Other Special Circumstances

If a parent quits a job or finds employment at a lower salary to avoid paying the required amount of child support, the state of Florida will impute income to that parent, or assign an income amount that is equivalent to what that parent should be making. In other words, noncustodial parents cannot simply stop paying the required amount of child support under any circumstances because the state gives them consequences for these types of actions.

The only exception to this rule is when a parent quits work to take care of an infant or disabled child, as these people are never penalized because they are not working.

Florida Child Support Laws – Modifying or Terminating the Orders

In the state of Florida, you sometimes have the right to modify or even terminate child support payments, and they allow you to do this if the circumstances are right. Terminating child support payments isn’t normally an issue until the child reaches the age of 18 (19 if the child is a full-time high-school student). Of course, the state doesn’t automatically consider or grant modifications unless it is fair to the child, but it is good to know that altering your child support payments is indeed a possibility.

In addition, the state also has ways to enforce any child support payments that the custodial parent is receiving. The state’s Child Support Enforcement Program, which is a part of the Department of Revenue, can accommodate needs such as finding an absentee parent, establishing paternity, and helping parents obtain and enforce any child support orders in effect. They work alongside of the other parent to make sure minor children get the financial support they need and deserve.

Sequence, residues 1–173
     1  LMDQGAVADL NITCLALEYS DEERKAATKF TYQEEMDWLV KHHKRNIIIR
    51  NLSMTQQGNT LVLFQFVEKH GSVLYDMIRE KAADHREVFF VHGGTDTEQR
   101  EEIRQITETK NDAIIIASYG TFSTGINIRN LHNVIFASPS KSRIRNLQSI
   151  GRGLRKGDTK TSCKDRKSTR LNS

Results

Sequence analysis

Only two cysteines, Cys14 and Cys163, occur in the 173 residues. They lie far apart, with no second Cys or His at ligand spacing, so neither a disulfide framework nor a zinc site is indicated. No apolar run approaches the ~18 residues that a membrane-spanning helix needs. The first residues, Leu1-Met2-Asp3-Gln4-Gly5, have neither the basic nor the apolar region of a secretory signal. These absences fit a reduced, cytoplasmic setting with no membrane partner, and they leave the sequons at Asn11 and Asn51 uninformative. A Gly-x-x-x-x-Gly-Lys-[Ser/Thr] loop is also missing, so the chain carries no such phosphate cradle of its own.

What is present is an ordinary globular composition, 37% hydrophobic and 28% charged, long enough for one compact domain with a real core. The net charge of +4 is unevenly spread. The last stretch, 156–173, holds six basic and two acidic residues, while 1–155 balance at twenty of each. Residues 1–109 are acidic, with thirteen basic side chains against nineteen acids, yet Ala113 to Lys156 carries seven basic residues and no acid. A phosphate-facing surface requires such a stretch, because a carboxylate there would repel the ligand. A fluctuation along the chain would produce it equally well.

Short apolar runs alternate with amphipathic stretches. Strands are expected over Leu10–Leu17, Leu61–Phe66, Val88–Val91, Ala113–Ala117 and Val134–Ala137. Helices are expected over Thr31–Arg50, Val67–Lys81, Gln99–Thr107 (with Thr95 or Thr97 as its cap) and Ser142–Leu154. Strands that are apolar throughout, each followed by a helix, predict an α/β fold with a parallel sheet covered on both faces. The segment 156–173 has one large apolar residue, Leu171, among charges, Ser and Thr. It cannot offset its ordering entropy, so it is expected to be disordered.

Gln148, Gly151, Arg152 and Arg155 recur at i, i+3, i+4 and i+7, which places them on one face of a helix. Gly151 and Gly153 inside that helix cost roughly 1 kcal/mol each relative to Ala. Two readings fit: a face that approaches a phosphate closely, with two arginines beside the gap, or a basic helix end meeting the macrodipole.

Naturally, the state aims to devise child support agreements which are fair to both children and parents, but the needs of the child always come first. Their state websites go into great detail on how the calculations are determined, so this is a great place to start when you’re interested in anything relating to child support in the state of Florida.

Conclusion

Like other states, Florida considers the financial support of minor children to be of utmost importance, which is why they have so many laws in place to make sure the child support they receive from noncustodial parents is enough to keep them happy and healthy. Both moms and dads have been designated as the noncustodial parent, but the state can help you even if you have custody of your child and you aren’t getting the payment you deserve.

You can visit websites such as https://www.divorcenet.com/resources/divorce/divorce-and-children/child-support-florida.htm to get basic details about child support in the state of Florida, and whether you need to file an initial request for child support or need an alteration of some type, this is the perfect way to get started.